The Teranet–National Bank National Composite House Price IndexTM for December was down 0.3% from the previous month. It was the third consecutive monthly retreat. The component indexes were down for seven of the 11 metropolitan markets surveyed: Edmonton (−1.4%), Vancouver (−1.2%), Winnipeg (−0.9%), Calgary (−0.6%), Victoria (−0.4%), Hamilton (−0.4%) and Quebec City (−0.4%). Indexes were up for Ottawa-Gatineau (1.0%), Montreal (0.4%), Toronto (0.2%) and Halifax (0.1%).
The recent trend of home prices is clearly downward in most metropolitans markets. For Calgary December was a sixth straight month without an index rise, a cumulative decline of 2.0%; for Vancouver a fifth straight month and a cumulative loss of 2.9%; for Edmonton a fourth straight month and a cumulative loss of 2.7%. For Victoria, Winnipeg and Hamilton it was a third straight month, with cumulative losses of 0.5%, 1.6% and 1.0% respectively. The Halifax index was down 1.6% from five months ago, Quebec City and Toronto were down −0.8% and −0.2% respectively from four months ago. Only the Ottawa-Gatineau and Montreal indexes finished 2018 in strength, rising 7.9% and 4.8% respectively from March to December and both ending the year at all-time highs.
- Composite 11
- All Metropolitan Indices
- British Columbia
The weakness of most of the country’s large urban markets in the second half of the year meant, as table below shows, that the index was down of flat for five markets for calendar 2018: Calgary (−2.6%), Edmonton (−0.9%), Winnipeg (−0.5%), Quebec City (−0.1%) and Halifax (flat). For a calendar year, it was the narrowest diffusion of 12-month gains since the recession year of 2008. Up from a year earlier despite second-half retreats were Victoria (6.0%), Hamilton (4.4%), Toronto (3.7%) and Vancouver (1.4%). As expected, Ottawa-Gatineau (5.9%) and Montreal (4.4%) were among the leaders. The 12-month advance of the composite index, at 2.5%, was the smallest since 2009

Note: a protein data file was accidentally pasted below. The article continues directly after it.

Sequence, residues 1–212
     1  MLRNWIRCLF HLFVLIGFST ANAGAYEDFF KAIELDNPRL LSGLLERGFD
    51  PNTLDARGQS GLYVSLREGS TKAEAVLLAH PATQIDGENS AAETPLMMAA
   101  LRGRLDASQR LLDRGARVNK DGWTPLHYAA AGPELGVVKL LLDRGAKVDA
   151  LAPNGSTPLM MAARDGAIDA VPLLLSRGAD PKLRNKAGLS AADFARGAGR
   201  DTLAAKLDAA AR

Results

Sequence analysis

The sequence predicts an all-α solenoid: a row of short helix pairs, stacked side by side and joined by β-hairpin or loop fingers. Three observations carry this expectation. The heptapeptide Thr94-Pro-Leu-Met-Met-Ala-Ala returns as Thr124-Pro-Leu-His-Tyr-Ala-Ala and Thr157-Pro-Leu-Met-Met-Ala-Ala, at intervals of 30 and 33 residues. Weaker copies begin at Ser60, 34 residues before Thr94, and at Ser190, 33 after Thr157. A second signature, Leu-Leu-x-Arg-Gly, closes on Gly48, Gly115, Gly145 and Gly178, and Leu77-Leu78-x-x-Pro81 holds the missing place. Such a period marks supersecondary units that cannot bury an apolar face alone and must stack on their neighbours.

Besides the Toronto and Hamilton indexes included in the composite index, indexes exist for seven other urban areas of the Golden Horseshoe. From August to December, indexes were down for Brantford (−4.0%), Oshawa (−2.1%), Barrie (−2.1%), Guelph (−1.1%) and Kitchener (−0.3%). From September to December, the Peterborough index fell 5.1%. Only the St. Catharines index with its 12-month gain of 8.6% ended the year at a record.
Indexes not included in the composite index also exist for seven markets outside the Golden Horseshoe, five of them in Ontario and two in B.C. From August to December, indexes were down for Thunder Bay (−5.3%), Abbotsford-Mission (−1.7%) and Sudbury (−1.2%), and from September to December the index for Kelowna was down 2.0%. Three of these indexes did not display weakness in 2018, finishing the year with strong 12-month gains: Windsor (14.7%), London (10.7%) and Kingston (9.9%).
 Note on methodology: The current-month data used to calculate the index are those of closed sales registered in the provincial land registry. To illustrate the home price trend, the published indexes of the 11 metropolitan markets entering into the Teranet–National Bank Composite House Price Index™ are moving averages of the last three months of raw indexes, a procedure that evens out month-to-month fluctuations. More granular monthly data are available upon request, subject to subscription fees. For our full methodology, please visit www.housepriceindex.ca
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Economics and Strategy Group
National Bank of Canada